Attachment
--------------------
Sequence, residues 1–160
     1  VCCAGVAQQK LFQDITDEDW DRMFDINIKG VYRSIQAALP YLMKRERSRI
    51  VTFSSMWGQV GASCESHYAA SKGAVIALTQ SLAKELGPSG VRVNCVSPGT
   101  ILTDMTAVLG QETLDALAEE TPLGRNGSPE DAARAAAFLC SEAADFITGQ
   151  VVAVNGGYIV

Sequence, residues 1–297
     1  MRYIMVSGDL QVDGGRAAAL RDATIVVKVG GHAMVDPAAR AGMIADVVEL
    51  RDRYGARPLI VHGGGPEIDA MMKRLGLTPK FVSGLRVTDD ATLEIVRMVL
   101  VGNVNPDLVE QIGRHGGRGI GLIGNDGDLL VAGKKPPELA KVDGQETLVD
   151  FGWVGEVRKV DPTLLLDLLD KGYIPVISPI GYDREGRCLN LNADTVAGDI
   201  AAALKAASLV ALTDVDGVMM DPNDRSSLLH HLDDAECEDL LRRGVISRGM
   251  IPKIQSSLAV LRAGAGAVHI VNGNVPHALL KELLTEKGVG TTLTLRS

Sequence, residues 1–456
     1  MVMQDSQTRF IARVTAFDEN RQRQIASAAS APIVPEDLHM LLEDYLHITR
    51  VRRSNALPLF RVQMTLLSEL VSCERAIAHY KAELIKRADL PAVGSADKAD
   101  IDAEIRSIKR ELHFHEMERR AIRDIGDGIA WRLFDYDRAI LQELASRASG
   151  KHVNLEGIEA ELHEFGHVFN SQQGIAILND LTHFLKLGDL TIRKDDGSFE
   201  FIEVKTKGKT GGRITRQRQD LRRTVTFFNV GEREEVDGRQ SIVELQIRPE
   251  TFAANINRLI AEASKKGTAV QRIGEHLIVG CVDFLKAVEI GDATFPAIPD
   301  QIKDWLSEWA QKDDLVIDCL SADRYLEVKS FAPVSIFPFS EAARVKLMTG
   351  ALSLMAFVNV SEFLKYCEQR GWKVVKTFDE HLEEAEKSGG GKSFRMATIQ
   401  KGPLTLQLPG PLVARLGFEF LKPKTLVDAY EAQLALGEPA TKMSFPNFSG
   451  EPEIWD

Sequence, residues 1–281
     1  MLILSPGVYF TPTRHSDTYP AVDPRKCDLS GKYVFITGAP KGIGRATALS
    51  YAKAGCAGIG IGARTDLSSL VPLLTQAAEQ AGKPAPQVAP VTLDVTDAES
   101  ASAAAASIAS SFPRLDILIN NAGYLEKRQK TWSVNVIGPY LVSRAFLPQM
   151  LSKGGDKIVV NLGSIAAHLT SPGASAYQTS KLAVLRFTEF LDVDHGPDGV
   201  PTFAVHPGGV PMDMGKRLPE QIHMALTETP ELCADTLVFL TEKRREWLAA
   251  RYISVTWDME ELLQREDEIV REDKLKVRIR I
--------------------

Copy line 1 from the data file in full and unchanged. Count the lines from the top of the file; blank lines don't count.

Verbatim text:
Sequence, residues 1–160